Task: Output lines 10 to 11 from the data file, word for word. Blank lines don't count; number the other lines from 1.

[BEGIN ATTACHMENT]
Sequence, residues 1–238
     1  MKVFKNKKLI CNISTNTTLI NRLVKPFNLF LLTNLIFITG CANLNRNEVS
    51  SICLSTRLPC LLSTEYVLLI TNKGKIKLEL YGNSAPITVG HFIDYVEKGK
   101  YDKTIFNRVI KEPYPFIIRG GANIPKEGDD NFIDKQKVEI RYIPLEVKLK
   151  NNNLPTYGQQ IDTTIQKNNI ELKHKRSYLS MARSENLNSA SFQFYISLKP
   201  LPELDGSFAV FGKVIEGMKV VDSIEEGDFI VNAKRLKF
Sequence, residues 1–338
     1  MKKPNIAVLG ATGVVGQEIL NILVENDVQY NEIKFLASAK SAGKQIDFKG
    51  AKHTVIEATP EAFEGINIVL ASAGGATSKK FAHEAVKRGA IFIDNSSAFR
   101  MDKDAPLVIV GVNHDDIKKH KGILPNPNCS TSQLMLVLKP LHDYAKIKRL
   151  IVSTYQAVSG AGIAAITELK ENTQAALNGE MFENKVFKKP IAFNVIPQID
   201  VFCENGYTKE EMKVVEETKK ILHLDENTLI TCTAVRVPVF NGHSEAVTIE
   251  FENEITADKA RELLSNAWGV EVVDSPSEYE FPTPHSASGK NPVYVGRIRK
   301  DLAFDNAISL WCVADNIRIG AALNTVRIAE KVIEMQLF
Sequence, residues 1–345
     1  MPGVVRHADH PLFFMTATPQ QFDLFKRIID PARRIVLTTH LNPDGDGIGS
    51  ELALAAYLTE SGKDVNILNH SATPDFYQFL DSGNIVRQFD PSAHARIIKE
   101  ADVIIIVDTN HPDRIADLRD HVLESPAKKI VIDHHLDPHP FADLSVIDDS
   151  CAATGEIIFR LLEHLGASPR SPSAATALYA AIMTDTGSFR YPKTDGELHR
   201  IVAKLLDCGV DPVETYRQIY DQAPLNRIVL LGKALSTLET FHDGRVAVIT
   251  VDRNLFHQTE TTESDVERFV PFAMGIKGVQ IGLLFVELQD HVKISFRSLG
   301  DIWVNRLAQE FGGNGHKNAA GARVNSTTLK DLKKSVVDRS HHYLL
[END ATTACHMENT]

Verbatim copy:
   101  MDKDAPLVIV GVNHDDIKKH KGILPNPNCS TSQLMLVLKP LHDYAKIKRL
   151  IVSTYQAVSG AGIAAITELK ENTQAALNGE MFENKVFKKP IAFNVIPQID